"A lot of people assume that, since it's a Miami thing," says lead singer Mario Giancarlo on a rainy Saturday night as he relaxes on a red couch, the only place to sit in a sparsely furnished apartment near downtown Miami. "I don't know why, but I wanted the first four letters to be öMode,' and then Modernage just kind of came out of that."

Adds guitarist Xavier Alexander, who is slouching next to Giancarlo in a cream-color newspaper-boy hat and is sporting a scruffy beard that does little to age him: "Then we found out that it comes from my favorite Joy Division song, öThese Days,' so it was perfect."

Once it had its name established, Modernage, which, in addition to Giancarlo and Alexander, includes keyboardist Juan Garcia, drummer Sean Perscky, and bassist Roberto Moriel, worked on finding a sound. "We started out playing darker, slower stuff," says Giancarlo, "but the first time we played Poplife, we had a slow song in the middle of our set, and it was kind of like öbeer break.' We practically cleared the room."

"That's when we realized that people in Miami aren't going to stand there and just listen to you," says Alexander. "Miami crowds want to dance."

Modernage's theory proved correct. After the group returned from playing two shows in New York and weeded out most of its ballads, crowds began to thicken and bookings started to roll in. On February 18, when Modernage opened for as-seen-on-The O.C. New York group the Walkmen during Soho Lounge's indie rock party Cinematic, they were surprised when the audience -- dressed in cropped blazers, wide metallic belts, and Hot Topic wrist cuffs -- stood shoulder-to-shoulder during their set.

"No one ever cares about the opening act," says Alexander. "That's when people usually start trickling in or go to get a drink, so we couldn't believe it when the house was already packed when we went onstage. People were dancing, some were even singing along."

Fashionista encountered a similar experience when its track "40 Seconds" became a favorite at Poplife. Girls sporting Pat Benetar haircuts and Molly Ringwald ankle-high boots and boys in skinny black ties and Chucks were dancing just as fervently to this synth-pop track as the Dandy Warhols' "Bohemian Like You" and Radiohead's "Idioteque."

"Tony had sent me a demo [of "40 Seconds"], so I played it, even though I hadn't taken much of a listen," recalls Poplife promoter Lorie, who is also a DJ. "I mixed it into another song, and everybody was dancing. I had done the same thing when a guy I knew, Daniel Kessler, who worked for Domino Records, sent me his band's demo, a song called öPDA.'" The band's name was Interpol.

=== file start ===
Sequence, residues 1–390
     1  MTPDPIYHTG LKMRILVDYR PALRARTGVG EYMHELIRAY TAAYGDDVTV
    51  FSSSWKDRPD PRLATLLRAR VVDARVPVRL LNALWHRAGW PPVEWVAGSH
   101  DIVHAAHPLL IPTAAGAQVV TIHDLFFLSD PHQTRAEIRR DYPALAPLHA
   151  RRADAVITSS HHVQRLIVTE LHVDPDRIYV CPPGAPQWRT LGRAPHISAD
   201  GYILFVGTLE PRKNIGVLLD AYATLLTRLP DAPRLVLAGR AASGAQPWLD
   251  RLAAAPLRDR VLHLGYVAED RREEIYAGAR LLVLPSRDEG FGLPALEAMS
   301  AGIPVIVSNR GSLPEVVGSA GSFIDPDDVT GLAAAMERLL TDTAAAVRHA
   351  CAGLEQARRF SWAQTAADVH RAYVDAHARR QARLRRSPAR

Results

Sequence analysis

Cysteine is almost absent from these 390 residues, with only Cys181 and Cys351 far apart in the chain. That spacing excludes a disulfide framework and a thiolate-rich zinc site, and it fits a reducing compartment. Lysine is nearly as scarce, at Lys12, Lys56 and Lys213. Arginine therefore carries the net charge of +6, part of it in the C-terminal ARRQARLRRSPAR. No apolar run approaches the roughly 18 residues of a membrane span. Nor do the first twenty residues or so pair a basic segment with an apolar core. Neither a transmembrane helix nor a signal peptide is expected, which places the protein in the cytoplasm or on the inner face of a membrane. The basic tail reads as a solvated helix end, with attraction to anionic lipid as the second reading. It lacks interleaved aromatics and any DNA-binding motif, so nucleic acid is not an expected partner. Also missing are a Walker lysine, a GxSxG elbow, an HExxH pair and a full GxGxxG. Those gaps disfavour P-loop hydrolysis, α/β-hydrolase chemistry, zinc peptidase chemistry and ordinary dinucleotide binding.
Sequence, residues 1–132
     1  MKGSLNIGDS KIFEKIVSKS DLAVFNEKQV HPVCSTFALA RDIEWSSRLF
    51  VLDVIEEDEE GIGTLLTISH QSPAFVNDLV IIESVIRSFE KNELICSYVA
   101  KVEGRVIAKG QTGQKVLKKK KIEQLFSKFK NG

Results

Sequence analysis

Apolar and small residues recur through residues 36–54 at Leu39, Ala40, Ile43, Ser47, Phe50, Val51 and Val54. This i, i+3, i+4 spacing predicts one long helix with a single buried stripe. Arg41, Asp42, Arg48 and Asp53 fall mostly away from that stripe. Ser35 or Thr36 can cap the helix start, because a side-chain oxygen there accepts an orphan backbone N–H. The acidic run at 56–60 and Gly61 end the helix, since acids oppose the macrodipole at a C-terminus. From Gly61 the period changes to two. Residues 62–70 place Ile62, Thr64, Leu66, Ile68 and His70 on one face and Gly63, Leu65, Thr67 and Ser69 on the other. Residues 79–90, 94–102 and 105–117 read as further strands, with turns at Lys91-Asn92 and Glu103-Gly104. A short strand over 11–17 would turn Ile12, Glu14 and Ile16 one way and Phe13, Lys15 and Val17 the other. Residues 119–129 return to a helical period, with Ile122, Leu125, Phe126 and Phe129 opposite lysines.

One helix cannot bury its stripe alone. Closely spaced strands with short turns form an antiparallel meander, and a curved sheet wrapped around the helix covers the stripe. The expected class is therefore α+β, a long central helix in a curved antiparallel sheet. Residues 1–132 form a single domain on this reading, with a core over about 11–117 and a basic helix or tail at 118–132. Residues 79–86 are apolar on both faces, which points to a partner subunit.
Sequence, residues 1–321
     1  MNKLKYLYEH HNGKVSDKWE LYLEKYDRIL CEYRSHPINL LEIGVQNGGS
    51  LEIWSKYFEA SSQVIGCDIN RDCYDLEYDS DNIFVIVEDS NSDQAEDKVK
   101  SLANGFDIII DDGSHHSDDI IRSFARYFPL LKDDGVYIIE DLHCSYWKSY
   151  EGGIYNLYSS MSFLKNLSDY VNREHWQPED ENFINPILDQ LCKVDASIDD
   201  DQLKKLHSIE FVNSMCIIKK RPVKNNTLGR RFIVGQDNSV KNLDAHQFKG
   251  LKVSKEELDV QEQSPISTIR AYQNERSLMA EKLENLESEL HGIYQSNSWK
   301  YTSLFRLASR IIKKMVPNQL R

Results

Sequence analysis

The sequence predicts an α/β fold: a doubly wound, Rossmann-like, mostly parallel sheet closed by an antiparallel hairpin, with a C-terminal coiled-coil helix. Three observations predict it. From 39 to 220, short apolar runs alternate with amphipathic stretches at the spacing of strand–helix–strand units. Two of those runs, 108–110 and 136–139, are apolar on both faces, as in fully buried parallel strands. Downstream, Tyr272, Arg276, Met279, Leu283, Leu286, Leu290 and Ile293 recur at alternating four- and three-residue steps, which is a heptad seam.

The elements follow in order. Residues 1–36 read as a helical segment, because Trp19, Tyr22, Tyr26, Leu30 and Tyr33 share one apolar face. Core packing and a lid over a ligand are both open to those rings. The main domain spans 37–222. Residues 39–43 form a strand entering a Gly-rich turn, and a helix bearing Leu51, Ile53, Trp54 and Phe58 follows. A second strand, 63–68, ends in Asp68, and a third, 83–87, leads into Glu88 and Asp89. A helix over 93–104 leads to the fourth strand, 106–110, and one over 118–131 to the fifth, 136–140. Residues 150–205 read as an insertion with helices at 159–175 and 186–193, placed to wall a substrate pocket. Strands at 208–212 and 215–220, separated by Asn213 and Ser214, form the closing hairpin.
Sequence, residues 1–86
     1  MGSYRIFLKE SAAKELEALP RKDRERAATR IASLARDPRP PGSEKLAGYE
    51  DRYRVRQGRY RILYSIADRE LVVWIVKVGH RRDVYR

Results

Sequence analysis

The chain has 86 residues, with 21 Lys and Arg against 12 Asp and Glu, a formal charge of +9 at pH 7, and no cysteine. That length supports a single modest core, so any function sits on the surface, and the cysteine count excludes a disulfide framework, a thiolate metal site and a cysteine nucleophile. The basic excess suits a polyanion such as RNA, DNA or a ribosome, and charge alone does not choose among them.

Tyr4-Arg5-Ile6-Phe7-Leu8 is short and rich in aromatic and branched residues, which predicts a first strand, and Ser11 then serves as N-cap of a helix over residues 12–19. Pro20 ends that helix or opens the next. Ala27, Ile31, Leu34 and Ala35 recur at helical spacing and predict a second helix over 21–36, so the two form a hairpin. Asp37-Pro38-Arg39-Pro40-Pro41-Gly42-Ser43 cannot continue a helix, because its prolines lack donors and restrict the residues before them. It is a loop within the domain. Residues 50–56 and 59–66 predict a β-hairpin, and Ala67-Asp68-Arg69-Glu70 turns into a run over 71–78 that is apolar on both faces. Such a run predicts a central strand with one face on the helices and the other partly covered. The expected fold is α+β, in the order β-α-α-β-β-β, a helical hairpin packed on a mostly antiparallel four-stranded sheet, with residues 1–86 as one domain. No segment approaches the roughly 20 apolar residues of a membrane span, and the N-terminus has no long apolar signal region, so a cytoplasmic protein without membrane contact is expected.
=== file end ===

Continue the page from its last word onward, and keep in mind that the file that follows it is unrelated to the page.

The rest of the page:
When Poplife celebrated its five-year anniversary in June 2004, "40 Seconds" was chosen as the first track on a commemorative compilation CD, a "Poplife's greatest hits" of sorts titled Popaganda, which was handed out to guests that night. The only local band to be featured, Fashionista found themselves sitting at the cool kids' table with the likes of the Bravery, Franz Ferdinand, and Elefant. "Aramis is a god," says Melnick, bowing down symbolically with his hands in a prayer clasp. "We have nothing but love for him."

The influx of copycat nights has ignited an undeniable tension and competition among Miami's events and venues. Thursdays at the District; Revolver at Pawn Shop Lounge on Fridays; Poplife at I/O on Saturdays; and Soho Lounge's assortment of indie rock nights -- Bulletproof on Wednesdays, Spider-Pussy on Thursdays, Cinematic on Fridays, and Kitchen Club on Saturdays -- all lie within three miles of each other. On South Beach, there's Mass at Jade on Sundays, the aforementioned Manic Mondays at the Marlin, and Off the Radar at Buck 15 on Wednesdays.

But both Fashionista and Modernage are simply happy to be playing on a regular basis for generous crowds. Perhaps these bands will be able to ride the fashion rock wave, however long it may last, and in five years find themselves, like Pharrell Williams, wandering out of South Beach Studios in the middle of the night.

"I thought we would have to leave," confesses Alexander about Modernage's chances of national success from a Miami base. "But I'm starting to think we can pull it off from here. I mean, the Killers did it from Las Vegas. Who comes from Las Vegas? Elvis?"

"Fat Elvis," Giancarlo corrects him as everyone laughs. Then he adds: "If someone comes to see us because their friend says, öYou'll like them, they sound like the Killers,' I'll take it. Then, once you're there, we'll show you we don't sound like the Killers -- we're better."